BEIJING (Reuters) - Beyond being good corporate citizens, do international firms operating in China have a moral duty to advance democracy and human rights?
Executives roll their eyes at the question: the typical answer is that companies know they must set an example in upholding labor laws or face the wrath of consumers and the threat of stiffer regulation; but no, multinationals have no business meddling in Chinese politics.
Michael Santoro, a professor of business ethics at Rutgers Business School in New Jersey, challenges that conventional view, arguing that foreign business can and should do more in the coming decade to shape social and political change in China.
In a new book, “China 2020,” Santoro says it is in the economic interest of Western firms to abandon their “complacent partnership” with the Chinese government.
He wants them to stick their necks out and press for things such as an independent judiciary and Internet freedom -- topical in light of fears that China’s order that all new personal computers must carry anti-pornography filtering software was a cloaked way of tightening censorship.
Multinationals think it would be foolish and culturally insensitive to wade into such deep waters, but in fact they run a bigger risk if they do not get involved, Santoro says.
“Foreign investment in China will never truly be secure unless it is embedded in a society where rights, including economic rights, are respected, where the government bureaucracy is effective in enforcing market regulations, and where a strong and independent rule of law protects the rights and economic interests of its citizens,” Santoro writes.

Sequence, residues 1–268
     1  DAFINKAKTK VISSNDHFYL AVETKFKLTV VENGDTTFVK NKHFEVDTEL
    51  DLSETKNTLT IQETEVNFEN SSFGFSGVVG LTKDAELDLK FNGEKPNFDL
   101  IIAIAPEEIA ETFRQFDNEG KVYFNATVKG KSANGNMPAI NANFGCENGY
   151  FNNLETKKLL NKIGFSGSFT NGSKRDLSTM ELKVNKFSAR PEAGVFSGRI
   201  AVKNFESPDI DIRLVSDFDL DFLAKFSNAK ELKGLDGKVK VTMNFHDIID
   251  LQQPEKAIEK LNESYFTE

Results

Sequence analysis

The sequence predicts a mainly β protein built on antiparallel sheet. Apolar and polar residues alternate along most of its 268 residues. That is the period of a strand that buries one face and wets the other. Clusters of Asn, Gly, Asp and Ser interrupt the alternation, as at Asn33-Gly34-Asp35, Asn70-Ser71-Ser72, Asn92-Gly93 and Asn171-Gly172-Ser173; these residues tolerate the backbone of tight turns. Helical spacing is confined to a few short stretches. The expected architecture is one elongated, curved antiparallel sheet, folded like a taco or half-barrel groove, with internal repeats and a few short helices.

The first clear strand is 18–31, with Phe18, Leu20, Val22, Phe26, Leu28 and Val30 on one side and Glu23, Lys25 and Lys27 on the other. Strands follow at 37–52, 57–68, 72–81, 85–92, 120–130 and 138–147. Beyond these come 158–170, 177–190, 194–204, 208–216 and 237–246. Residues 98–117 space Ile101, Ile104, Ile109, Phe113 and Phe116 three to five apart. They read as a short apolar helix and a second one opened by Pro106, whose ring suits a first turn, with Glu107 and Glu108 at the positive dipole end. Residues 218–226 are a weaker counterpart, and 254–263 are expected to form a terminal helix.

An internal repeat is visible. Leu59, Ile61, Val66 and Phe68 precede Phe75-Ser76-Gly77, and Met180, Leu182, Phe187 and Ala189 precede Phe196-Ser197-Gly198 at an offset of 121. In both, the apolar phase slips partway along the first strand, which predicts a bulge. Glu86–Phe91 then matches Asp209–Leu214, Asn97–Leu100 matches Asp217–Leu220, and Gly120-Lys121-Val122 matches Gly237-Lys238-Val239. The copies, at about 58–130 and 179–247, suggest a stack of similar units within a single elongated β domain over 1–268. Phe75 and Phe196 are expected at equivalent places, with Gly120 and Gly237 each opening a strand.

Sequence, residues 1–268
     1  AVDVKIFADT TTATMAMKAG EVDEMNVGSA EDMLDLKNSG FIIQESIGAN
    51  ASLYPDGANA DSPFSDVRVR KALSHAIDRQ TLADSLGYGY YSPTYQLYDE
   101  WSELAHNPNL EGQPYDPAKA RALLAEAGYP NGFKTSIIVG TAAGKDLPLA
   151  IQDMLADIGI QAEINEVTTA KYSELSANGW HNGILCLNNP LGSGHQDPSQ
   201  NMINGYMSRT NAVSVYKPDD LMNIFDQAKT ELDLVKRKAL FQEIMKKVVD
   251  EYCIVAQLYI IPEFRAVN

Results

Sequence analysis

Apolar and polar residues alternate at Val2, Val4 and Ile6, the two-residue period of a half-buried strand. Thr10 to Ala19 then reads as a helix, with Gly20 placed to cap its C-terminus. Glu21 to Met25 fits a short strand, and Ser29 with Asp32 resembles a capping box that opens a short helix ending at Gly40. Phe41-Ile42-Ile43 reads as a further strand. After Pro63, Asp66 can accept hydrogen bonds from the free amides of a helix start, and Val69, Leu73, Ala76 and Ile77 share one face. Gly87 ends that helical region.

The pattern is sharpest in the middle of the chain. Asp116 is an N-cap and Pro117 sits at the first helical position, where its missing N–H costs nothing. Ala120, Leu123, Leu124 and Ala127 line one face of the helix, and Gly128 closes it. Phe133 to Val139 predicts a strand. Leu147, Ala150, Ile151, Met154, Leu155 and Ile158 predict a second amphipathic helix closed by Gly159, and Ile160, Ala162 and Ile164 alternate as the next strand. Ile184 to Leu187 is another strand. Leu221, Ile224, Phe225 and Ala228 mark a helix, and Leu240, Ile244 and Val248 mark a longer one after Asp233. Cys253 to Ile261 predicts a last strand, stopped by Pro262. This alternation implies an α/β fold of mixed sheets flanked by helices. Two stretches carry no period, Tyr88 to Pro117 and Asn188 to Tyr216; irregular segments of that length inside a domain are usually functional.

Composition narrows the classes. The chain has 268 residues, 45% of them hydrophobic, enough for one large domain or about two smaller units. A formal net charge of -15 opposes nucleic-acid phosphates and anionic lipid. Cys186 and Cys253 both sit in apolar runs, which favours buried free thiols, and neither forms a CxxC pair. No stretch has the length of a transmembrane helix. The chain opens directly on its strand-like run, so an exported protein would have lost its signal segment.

The publication of the book coincides with the twentieth anniversary of the killings of hundreds around Beijing’s Tiananmen Square after weeks of protests against corruption and a lack of freedom of speech.
That does not make foreign executives that Santoro is seeking to stir into action any more receptive to his arguments.
Joerg Wuttke, president of the European Union Chamber of Commerce in China, said foreign firms should not have to justify themselves by showing that they are working toward the ideal of democratic institutions.
“In the real world, their influence on local governments is minimal,” Wuttke said. “Moreover, multinationals are unlikely to exercise whatever influence they might actually have if this adversely affects the efficiency and profitability of their normal business operations.”
On the ground, international companies were making a practical difference in China under the broad banner of corporate social responsibility (CSR), he said.
They might not fight for freedom of speech, but firms were raising workplace standards, investing in skills and setting quantifiable energy and environmental protection targets.
Wuttke said manufacturing firms put weight on CSR even though the investment was often seen as a direct threat to profitability because domestic competitors ignored baseline norms that Western firms took for granted.
“In an uncertain regulatory climate, competition from local operators who take advantage of weak legal structures to cut corners on employee health and safety and labor standards performance can be crippling,” he said.